FAIR is a non-profit organization dedicated to providing well-documented answers to criticisms of the doctrine, practice, and history of The Church of Jesus Christ of Latter-day Saints.
Criticism of Mormonism/Books/One Nation Under Gods/Use of sources/Damned without plural marriage
Damned without plural marriage?
A FairMormon Analysis of: One Nation Under Gods, a work by author: Richard Abanes
|John Taylor September 1886 revelation|
One Nation under Gods, page 301 (hardback and paperback)
- Did Orson Pratt teach that anyone not entering into plural marriage "will be damned?"
Endnote 106, page 584 (hardback); page 582 (paperback)
- Orson Pratt, August 29, 1852, Journal of Discourses vol. 1, 64.
The portion of Pratt's sermon on plural marriage referenced by the author is part of a discussion of how one must be sealed by a person having the proper authority in order for their marriage to be valid in the next life. Referring to the revelation on plural marriage, Pratt says:
"He has told us in that revelation, that only one man can hold these keys upon the earth at the same time; and they belong to that man who stands at the head to preside over all the affairs of the Church and kingdom of God in the last days. They are the sealing keys of power, or in other words, of Elijah, having been committed and restored to the earth by Elijah, the Prophet, who held many keys, among which were the keys of sealing, to bind the hearts of the fathers to the children, and the children to the fathers; together with all the other sealing keys and powers, pertaining to the last dispensation. They were committed by that Angel who administered in the Kirtland Temple, and spoke unto Joseph the Prophet, at the time of the endowments in that house. Now, let us enquire, what will become of those individuals who have this law taught unto them in plainness, if they reject it? [A voice in the stand, "they will be damned."] I will tell you: they will be damned, saith the Lord God Almighty, in the revelation He has given..." (emphasis added)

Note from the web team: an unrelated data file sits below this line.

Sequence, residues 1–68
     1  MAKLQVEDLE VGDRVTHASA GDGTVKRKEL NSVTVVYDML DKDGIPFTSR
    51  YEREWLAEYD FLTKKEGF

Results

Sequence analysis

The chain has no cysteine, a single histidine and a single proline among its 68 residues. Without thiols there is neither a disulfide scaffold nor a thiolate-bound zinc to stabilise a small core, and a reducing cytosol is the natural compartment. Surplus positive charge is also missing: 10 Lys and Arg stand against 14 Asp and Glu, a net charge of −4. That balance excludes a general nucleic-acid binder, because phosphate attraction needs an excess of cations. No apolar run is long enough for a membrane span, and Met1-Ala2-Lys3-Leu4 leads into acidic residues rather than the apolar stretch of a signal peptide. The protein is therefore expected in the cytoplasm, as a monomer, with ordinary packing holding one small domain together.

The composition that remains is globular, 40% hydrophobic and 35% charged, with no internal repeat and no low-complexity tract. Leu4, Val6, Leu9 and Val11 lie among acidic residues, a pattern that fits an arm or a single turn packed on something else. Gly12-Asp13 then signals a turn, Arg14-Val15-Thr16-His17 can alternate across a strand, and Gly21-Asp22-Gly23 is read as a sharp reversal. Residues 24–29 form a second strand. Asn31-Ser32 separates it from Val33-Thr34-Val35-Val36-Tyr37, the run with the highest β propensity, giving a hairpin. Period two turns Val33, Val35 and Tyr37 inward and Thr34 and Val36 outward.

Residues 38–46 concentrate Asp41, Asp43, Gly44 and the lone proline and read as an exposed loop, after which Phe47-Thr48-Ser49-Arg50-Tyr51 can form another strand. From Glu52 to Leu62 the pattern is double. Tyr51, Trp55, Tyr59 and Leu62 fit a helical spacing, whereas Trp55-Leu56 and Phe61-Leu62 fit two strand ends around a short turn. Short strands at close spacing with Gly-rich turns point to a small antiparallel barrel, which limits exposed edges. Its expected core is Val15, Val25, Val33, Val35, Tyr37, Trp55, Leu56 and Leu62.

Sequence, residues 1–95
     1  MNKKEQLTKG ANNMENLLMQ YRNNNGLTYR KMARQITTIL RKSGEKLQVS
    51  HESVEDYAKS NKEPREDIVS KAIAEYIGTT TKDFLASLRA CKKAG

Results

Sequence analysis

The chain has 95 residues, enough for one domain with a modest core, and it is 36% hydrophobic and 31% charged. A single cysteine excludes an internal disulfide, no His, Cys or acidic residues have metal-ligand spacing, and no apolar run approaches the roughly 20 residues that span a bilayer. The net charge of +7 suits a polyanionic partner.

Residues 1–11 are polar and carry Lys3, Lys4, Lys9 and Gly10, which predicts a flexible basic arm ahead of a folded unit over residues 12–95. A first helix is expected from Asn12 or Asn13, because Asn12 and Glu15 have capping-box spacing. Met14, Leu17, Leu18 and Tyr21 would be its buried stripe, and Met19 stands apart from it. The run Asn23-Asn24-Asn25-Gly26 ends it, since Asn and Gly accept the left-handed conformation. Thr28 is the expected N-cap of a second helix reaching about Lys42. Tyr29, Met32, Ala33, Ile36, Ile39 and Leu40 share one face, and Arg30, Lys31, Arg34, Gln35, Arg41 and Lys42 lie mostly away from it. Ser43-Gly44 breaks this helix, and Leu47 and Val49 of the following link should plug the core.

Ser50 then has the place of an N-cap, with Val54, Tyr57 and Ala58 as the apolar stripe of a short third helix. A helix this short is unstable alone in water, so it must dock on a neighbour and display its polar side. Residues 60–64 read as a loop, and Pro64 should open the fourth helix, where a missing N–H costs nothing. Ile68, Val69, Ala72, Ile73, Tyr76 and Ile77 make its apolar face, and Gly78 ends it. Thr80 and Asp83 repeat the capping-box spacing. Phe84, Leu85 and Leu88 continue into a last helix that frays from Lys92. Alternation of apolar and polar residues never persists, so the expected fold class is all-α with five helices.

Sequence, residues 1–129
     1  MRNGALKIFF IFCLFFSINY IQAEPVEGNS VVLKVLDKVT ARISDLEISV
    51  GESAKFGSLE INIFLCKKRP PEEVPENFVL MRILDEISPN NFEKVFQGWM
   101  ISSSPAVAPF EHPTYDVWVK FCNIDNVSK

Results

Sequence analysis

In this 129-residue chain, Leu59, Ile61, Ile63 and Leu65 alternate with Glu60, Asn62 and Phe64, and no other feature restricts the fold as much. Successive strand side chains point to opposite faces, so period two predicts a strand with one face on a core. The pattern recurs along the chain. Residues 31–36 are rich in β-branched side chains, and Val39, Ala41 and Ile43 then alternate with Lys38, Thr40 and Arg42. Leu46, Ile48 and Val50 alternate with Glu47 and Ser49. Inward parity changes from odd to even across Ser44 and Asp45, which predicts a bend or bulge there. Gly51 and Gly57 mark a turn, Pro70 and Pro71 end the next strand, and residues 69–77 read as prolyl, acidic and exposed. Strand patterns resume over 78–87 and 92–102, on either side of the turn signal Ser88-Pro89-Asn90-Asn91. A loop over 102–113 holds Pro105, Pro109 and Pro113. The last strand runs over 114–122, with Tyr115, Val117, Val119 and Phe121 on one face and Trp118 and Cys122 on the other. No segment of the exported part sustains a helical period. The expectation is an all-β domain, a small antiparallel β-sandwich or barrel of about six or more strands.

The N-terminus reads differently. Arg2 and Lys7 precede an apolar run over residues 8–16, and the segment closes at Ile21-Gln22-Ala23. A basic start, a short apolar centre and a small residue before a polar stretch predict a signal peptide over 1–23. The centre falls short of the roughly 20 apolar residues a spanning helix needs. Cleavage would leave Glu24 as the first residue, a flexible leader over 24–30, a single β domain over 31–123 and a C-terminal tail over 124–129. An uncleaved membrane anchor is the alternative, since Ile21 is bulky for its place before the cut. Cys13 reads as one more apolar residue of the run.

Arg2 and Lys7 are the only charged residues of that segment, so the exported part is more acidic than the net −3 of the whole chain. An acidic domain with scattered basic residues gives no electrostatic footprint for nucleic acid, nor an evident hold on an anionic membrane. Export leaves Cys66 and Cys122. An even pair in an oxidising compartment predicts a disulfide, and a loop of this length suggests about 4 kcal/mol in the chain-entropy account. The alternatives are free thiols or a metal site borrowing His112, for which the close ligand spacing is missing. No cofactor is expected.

The author only uses the final (bold) portion of this quote and applies it only to the idea that one must have plural wives.